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Tuesday, April 28, 2020

Whitening Teeth using Lightroom Classic

Over the last six weeks I've been taking time to improve my photo-editing skills, learning how to create epic sports posters, creating this blog and starting an Instagram presence (@peachtreepics - please like and follow). I've been using Lightroom for a few months on & off (mostly off), but I'm now taking the time to go through tutorials and YouTube videos to increase my knowledge of this powerful tool.

One of the things I learned today was that Lightroom Classic has a 'Teeth Whitening' effect. Allow me to share this with you in case you too were unaware of this feature.

First, launch Lightroom Classic, I'm using the 9.2.1 release by the way, and bring up a picture that you've noticed needs a some yellowing or staining removed from teeth. Once opened, go to Develop mode and zoom into to the mouth area. In the picture below, notice the Adjustment Brush icon (I've drawn an orange box around it to make it stand out for you).


Click on the adjustment brush. You will notice that the Develop panels (Basic, Tone Curve, etc.) move down and in its place should be a panel section with Mask at the top. Just below that is a section called Effect. The effect listed when I arrived here was 'Exposure'. Click on Exposure - I suspect this is the default, but in case it is not, click on whatever you see in your panel as indicated by the orange box below.


Once you select the effect, a list of other effects will appear -- one of them is 'Teeth Whitening' - see below (in the orange box). Click on 'Teeth Whitening'.


If this is your first time in this section, as it was for me, I was pleasantly surprised at all the things I can do with the various adjustment brushes. I'm sure I'll be back soon to see what I can do with Iris Enhance and Soften Skin; that will be for another day, but I suspect the Adjustment Brush and I will become close friends.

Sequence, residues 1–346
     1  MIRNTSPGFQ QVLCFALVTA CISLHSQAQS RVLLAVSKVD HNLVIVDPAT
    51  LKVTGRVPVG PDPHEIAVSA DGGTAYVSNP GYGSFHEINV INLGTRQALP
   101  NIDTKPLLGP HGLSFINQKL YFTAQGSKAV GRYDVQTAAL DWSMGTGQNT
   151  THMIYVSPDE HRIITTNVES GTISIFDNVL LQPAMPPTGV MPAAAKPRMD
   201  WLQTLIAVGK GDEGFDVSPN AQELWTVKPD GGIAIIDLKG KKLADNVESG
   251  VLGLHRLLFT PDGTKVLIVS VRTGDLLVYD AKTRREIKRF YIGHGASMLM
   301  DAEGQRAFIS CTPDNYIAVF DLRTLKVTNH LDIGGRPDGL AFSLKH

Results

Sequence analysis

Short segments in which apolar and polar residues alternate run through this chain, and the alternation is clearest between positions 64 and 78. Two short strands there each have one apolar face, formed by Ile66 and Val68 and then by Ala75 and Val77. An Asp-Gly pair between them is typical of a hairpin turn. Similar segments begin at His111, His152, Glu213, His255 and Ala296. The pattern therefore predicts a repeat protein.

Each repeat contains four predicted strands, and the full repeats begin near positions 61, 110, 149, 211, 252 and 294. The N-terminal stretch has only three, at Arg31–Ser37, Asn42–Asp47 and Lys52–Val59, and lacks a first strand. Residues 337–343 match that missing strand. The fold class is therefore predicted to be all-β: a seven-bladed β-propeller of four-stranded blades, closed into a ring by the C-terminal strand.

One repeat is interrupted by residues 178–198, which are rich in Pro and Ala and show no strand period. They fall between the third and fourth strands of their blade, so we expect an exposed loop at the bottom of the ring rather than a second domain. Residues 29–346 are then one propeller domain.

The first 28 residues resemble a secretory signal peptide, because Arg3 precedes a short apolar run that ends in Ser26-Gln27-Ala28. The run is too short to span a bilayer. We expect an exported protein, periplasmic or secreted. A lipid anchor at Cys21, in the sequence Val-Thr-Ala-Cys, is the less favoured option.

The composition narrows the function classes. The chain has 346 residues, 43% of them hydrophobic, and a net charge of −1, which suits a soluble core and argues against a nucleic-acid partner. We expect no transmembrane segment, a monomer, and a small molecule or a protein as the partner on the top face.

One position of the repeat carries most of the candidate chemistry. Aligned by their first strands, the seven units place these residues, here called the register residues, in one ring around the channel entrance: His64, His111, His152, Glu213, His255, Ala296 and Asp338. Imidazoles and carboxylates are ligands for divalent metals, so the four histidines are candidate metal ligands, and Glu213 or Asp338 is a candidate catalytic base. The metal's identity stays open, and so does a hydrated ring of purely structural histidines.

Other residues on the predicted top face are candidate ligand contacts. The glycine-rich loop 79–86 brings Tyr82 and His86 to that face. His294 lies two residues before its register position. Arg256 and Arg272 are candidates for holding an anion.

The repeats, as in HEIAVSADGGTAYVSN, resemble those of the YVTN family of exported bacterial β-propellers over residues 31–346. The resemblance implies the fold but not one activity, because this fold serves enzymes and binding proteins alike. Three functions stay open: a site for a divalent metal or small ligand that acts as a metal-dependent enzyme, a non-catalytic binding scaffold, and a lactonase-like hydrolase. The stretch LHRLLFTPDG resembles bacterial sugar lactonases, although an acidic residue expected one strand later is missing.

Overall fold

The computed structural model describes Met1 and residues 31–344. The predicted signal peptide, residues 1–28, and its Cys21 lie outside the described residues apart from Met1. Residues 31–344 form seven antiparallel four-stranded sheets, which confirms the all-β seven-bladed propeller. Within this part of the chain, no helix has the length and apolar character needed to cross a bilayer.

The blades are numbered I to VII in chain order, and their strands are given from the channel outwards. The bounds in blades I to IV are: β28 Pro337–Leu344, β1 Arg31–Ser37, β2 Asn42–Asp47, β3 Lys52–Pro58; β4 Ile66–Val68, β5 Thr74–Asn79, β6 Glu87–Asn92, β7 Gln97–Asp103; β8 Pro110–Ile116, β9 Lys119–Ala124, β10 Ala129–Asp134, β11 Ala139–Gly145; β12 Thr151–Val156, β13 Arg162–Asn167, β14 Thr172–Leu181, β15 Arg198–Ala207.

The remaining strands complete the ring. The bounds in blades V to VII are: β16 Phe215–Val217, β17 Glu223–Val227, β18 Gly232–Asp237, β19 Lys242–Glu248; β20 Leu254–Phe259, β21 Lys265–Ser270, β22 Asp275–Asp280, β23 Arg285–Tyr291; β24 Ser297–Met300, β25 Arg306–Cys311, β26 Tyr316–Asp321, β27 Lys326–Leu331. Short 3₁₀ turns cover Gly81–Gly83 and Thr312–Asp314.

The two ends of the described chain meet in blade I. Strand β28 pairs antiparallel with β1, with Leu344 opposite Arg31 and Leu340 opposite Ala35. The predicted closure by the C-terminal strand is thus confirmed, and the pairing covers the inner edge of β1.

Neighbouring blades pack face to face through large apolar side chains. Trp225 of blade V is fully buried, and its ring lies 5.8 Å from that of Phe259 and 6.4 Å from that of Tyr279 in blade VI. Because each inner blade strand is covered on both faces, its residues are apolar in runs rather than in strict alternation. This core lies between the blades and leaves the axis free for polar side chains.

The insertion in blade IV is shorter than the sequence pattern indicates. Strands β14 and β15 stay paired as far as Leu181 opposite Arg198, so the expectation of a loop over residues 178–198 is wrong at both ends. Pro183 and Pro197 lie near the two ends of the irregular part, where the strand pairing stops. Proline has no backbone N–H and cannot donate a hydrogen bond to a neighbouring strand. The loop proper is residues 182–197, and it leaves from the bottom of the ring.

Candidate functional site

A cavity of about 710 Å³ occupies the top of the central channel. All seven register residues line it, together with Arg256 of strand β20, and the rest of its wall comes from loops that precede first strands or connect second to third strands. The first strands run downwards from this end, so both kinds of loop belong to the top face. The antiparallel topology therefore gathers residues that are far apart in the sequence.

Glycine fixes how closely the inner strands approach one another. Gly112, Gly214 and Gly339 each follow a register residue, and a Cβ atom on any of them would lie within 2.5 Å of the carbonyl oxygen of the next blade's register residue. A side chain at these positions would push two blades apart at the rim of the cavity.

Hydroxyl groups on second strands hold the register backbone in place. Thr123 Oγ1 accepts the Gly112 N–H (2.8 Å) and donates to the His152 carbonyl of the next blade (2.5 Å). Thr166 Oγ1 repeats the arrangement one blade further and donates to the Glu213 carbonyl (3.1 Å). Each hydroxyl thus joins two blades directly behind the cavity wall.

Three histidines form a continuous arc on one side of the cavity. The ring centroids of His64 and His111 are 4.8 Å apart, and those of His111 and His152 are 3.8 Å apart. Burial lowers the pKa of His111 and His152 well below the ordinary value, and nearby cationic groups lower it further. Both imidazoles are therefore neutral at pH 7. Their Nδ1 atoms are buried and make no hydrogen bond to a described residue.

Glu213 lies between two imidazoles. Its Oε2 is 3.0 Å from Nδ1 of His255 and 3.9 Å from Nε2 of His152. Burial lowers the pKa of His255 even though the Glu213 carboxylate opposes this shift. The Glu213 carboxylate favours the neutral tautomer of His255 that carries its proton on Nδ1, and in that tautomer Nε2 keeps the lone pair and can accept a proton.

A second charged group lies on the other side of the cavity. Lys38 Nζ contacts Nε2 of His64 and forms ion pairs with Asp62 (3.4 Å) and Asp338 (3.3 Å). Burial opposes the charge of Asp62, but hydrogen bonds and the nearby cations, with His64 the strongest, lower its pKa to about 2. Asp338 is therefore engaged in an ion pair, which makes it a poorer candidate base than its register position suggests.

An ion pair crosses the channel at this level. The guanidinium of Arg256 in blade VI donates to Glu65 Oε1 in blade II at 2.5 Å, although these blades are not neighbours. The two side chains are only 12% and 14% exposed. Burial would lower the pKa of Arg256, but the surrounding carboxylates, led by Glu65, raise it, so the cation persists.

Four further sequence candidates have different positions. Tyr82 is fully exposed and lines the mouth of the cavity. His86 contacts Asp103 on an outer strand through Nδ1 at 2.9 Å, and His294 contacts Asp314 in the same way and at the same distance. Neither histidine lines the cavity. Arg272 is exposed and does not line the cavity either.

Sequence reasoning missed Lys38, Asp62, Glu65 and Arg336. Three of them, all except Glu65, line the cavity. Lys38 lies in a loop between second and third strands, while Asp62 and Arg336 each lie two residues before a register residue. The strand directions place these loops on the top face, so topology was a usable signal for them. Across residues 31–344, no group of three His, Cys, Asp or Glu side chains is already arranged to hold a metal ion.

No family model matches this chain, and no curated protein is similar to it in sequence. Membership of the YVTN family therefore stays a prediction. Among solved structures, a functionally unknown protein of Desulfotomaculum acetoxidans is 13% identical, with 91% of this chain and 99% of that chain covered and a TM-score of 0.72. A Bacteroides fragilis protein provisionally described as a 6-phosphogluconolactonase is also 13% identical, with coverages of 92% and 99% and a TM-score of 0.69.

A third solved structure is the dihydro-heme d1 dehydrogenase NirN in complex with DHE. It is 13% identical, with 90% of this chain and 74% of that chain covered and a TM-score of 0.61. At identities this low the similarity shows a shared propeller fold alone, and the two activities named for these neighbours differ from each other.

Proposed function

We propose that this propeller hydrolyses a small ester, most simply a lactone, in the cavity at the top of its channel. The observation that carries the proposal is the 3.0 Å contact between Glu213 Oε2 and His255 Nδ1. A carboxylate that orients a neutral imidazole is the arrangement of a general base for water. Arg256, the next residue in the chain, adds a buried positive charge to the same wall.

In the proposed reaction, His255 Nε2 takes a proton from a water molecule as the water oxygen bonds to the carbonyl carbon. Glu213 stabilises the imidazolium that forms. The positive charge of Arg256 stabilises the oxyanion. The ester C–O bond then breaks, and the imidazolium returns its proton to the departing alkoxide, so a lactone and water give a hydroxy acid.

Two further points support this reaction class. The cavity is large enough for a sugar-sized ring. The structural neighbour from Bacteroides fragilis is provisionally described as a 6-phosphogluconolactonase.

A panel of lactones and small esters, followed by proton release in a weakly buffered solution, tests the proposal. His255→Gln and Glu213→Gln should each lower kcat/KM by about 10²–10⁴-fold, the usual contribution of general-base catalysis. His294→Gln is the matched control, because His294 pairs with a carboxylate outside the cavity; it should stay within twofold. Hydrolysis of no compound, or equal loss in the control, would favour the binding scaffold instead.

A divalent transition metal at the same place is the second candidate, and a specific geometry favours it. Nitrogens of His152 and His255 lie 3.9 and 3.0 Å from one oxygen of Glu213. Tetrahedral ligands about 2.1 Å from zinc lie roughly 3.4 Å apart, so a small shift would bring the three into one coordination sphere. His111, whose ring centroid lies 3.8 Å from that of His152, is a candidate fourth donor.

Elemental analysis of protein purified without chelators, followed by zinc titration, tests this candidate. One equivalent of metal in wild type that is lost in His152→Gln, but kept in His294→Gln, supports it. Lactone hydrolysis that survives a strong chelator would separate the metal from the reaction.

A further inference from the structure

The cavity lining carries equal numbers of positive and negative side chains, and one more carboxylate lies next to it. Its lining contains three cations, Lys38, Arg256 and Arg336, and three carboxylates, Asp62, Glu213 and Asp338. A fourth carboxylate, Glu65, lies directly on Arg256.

Once selected, you'll notice the panel settings are as follows:  Exposure at .4, Saturation at -60, Brush Size at 4.0, Feather at 62, Flow at 100, Density at 100, and everything else at 0. Auto Mask will also be checked. These settings worked well for me, but you may need to play around with the exposure and saturation settings if the teeth become either not white enough or too bleached out. You may also need to change the brush size and feathering level to account for the mouth you are working with - I like a bit more control with the feathering, so I lowered it to 30.

Now, hover the mouse pointer over the picture. Notice that the pointer is now shown as a circled crosshair. This is your paintbrush, using the mouse, left click on a tooth that needs whitening and begin to paint it and adjacent teeth that need this treatment. When you release the mouse button, check to see if the teeth are an appropriate shade of white for the subject. If the effect does not look realistic, undo the change - choose Edit|Undo Add Brush Stroke (or a Ctrl/Cmd Z) and then play around with the exposure and saturation settings to get a color that works best for your picture. Once you have settings that work for you, paint the teeth - be sure not to get the lips, tongue, etc. or they too will have the same effect; but if you do get beyond the teeth, undo and try again. When finished, be sure to click the 'Done' button located just below the picture on the far right.



In the picture above you can easily see the before and after effect. The teeth on the right side of this young girl's mouth have been whitened, while the teeth on the left side have been left alone. Below is the finished product.


As I learn more about photo-editing and other photography-related topics, I hope to share them with you. If this instruction was helpful, please let me know.

I hope you and your loved ones are safe and doing well.

- Andy

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